Bring Your Own Bags and Containers to the Farmers’ Market

Why are farmers’ market goers shopping like they were at the supermarkets in the 80s when it comes to bringing their own bags and containers?

People who shop at the farmers’ markets tend be more health and environmentally conscious than the average person. They go there for the fresh food that’s better for their health. They go there for less processed food than is available at the groceries store or other places, that is also better for their health. They go there to buy local and support local farming. They go there to buy local and minimize GHG emissions from less food miles, which is a green myth but they deserve points for trying to be environmentally conscious.

So why are they still insisting on getting a bag for everything they buy instead of bringing their own, even when grocery stores are offering rewards for bringing your own bag?

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Some Thoughts and Statistics on the New Seaport Farmers’ Market in Halifax

The new Seaport Farmers’ Market in Halifax is almost in full swing now. It is now open 3 days a week, Fri-Sun, and much longer each day than the half day before at the old market that was open just once per week Sat morning. The future intent is for the new market to be open 6 days a week, though the farmers will only be there for 3. The other 3 days will only have craft sellers. It’s a nice big space and I love it, although I hear the busking musicians are disgruntled due to the open space leaving all of them to be heard so they have to compete to get above each other (The Coast, Sep 9 2010). Hey, I like the music and appreciate its contribution to the ambiance of a farmers’ market, but it’s a new farmers’ market building, not a concert hall.

I love the additional selection and larger stands, though I have to curb myself on the cooked food. It smells and tastes great, but just see how much raw food you can get for the same amount of money on a cooked plate, and you’ll not only see the value of labour to your food costs, but also where many of those cents to your food dollar that’s not going to the farmers end up going. Going there with someone who might expect you to buy something, which includes yourself, is also going to be costly with all the potential little craft trinkets you can buy for significant others, kids, etc. It’s great to see all the stuff, but is hard to resist. So far, I have bought nothing other than raw food from the farmers.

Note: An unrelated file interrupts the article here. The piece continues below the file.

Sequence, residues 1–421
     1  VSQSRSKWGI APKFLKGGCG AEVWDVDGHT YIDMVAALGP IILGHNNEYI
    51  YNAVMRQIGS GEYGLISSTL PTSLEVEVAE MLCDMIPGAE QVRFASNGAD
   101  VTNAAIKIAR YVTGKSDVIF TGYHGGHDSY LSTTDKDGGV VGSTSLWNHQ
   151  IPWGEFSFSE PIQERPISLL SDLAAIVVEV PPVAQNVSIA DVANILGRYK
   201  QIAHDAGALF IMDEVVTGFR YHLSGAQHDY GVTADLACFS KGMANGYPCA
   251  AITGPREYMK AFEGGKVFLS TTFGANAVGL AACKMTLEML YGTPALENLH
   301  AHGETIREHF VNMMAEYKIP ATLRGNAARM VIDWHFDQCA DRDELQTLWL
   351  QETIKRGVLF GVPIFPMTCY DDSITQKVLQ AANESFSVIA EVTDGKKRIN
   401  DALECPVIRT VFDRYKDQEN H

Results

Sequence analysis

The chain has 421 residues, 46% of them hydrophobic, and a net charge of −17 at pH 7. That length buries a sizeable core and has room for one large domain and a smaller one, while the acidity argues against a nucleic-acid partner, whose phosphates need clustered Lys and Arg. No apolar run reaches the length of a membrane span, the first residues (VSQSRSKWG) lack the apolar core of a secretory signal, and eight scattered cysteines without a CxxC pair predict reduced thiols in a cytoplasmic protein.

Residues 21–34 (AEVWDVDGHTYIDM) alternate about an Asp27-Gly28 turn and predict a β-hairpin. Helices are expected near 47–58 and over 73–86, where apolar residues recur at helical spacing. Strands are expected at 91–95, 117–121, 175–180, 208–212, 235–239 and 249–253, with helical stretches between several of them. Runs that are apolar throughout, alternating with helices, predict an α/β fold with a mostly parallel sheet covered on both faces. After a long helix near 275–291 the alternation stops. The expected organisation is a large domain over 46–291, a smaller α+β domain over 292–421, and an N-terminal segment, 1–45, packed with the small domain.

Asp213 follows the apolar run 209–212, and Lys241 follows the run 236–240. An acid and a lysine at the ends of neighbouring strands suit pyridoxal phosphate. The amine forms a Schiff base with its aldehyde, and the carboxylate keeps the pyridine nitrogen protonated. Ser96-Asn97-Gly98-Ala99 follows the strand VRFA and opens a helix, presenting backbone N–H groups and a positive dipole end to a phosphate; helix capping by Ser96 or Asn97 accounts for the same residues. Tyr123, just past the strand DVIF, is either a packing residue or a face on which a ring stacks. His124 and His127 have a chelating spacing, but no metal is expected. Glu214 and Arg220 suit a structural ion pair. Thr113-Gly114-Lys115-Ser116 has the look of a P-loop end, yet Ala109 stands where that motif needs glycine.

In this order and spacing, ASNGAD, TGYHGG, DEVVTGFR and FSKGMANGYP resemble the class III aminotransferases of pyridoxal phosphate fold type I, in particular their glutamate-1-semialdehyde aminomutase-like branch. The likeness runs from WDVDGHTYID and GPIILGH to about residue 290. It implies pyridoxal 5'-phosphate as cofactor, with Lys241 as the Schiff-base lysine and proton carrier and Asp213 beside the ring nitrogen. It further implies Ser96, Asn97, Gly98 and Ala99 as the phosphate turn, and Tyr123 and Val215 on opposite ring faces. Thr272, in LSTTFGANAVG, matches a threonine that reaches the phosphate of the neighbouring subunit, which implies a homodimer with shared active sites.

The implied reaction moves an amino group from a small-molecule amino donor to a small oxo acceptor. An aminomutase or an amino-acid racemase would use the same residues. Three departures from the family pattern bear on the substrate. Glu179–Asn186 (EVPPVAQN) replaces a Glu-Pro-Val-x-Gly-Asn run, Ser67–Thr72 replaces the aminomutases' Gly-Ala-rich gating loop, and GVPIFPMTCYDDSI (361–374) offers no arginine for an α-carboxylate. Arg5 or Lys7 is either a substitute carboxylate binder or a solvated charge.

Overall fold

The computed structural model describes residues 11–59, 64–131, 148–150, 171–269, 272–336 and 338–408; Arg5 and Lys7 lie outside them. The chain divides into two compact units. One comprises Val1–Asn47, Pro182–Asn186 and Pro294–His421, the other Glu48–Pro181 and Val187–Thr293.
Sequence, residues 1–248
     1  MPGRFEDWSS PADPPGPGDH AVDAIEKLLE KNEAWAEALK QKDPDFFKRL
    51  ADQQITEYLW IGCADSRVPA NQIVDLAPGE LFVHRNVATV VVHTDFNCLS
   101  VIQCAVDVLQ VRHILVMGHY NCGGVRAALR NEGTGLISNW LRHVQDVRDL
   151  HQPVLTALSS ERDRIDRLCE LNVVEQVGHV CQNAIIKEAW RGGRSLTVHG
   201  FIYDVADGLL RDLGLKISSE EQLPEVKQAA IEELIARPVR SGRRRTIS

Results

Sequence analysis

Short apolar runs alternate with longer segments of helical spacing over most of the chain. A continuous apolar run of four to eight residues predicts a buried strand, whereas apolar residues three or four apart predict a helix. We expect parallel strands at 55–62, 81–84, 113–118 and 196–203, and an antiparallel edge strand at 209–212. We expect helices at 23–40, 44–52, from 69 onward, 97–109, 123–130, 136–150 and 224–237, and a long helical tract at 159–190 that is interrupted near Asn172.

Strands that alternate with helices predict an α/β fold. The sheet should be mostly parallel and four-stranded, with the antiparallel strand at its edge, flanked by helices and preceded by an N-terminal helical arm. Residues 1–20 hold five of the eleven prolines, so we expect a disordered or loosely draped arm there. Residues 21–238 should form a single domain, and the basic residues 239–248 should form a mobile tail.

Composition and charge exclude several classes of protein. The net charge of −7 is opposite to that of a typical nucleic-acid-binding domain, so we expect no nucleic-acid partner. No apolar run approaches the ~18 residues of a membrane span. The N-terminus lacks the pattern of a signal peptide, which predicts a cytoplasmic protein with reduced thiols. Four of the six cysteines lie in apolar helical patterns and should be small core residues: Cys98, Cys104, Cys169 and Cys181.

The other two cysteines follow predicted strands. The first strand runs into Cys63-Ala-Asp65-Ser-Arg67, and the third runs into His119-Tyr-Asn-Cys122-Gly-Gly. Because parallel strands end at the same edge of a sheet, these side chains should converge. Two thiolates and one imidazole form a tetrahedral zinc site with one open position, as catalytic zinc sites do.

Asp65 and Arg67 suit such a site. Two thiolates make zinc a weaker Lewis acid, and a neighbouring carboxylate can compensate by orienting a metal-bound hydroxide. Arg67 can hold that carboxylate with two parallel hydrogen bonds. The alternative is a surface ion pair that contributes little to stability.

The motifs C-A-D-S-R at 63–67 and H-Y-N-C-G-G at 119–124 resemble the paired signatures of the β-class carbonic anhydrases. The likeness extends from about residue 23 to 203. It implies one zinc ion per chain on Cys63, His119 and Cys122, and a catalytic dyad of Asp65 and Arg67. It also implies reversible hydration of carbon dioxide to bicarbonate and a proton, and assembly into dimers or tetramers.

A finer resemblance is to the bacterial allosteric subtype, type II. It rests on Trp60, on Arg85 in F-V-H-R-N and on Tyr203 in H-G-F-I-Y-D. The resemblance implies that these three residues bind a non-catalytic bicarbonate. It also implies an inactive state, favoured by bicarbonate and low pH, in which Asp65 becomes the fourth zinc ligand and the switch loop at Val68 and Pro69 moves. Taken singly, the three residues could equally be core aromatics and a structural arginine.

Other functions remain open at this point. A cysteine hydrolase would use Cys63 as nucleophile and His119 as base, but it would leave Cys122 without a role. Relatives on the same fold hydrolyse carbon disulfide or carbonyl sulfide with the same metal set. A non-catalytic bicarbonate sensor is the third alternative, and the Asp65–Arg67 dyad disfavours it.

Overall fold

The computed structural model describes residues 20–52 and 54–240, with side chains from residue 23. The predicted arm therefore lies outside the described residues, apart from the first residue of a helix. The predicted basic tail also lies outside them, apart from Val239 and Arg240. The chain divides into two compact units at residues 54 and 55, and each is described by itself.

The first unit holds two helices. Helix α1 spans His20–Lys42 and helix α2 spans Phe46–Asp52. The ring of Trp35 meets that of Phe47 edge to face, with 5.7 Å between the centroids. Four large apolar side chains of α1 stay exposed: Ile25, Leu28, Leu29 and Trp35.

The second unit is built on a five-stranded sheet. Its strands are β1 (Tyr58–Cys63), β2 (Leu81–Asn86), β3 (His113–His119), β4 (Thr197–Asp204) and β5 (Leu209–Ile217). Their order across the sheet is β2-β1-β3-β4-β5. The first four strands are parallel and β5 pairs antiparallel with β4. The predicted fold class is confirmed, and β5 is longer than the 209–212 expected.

I’ll leave with some statistics about the farmers’ market scene in Nova Scotia and the Seaport Farmers’ Market, from various sources like The Coast paper and the Canadian Broadcasting Corporation (CBC).

  • 40 Nova Scotia Farmers’ Markets Sep 2010, few opened all week
  • New farmers’ market is in an R-2000 building (NRCan designation) that uses 85% less energy and 50% less water than old market
    R2000-standard PDF
  • New farmers’ market is twice the size of old market (which is still open) at 4,000 sq feet
  • 10,000+ visitors per Saturday (August figures, but is still as crowded as far as I can tell)
  • Total vendors increased by at least 50% between new and old markets opening, though not all are food vendors
  • NS Community Supported Agriculture farms (CSAs) and farmers’ market bring in about $90M a year (and growing) to farmers (includes prepared foods, possibly crafts, so can’t just take it against farm gate)

Earth Day Pledge Update #2 – My Farmers’ Market Experience

For Earth Day 2010, I made a pledge to eat better.

I then defined “better” with four specific goals.

This is an update on goal #1, which was to spend more money on groceries at the farmers’ markets than in the grocery and other stores. That’s without having to go to extremes of not eating what I want or paying unreasonable prices for similar products in the grocery stores.

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